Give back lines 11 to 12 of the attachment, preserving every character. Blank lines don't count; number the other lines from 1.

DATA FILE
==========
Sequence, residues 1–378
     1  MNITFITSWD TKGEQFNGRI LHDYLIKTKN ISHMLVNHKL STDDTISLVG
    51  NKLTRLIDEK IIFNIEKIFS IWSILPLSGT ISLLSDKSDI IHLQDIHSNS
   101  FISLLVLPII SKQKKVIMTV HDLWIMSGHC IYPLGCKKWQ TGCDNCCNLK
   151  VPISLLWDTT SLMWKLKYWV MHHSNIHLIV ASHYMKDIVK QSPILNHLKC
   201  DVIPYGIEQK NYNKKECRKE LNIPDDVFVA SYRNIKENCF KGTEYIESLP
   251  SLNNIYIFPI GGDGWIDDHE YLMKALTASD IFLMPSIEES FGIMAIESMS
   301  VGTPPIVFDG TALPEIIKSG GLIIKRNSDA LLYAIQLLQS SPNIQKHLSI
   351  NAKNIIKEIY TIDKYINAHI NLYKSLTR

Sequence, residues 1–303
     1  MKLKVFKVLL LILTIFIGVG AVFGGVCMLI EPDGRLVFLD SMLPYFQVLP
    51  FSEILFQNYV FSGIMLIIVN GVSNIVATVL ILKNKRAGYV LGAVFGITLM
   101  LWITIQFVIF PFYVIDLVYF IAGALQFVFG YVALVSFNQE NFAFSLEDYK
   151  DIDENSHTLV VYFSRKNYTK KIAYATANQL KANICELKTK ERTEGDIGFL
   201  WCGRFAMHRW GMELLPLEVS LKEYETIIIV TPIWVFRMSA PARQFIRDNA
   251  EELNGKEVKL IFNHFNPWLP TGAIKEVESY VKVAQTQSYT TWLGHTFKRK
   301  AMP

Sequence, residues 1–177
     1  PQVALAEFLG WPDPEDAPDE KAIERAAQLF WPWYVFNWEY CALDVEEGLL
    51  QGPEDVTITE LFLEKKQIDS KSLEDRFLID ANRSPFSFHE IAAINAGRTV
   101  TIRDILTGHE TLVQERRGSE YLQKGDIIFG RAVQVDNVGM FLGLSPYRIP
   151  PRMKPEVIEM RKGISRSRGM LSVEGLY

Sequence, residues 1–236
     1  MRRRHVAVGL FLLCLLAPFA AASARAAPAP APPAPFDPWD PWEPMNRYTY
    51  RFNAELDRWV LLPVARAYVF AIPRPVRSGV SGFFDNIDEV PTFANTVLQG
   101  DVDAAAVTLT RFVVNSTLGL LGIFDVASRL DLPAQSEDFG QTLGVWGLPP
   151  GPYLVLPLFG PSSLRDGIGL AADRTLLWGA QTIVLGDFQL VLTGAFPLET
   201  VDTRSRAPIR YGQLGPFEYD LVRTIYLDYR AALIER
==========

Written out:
     1  MKLKVFKVLL LILTIFIGVG AVFGGVCMLI EPDGRLVFLD SMLPYFQVLP
    51  FSEILFQNYV FSGIMLIIVN GVSNIVATVL ILKNKRAGYV LGAVFGITLM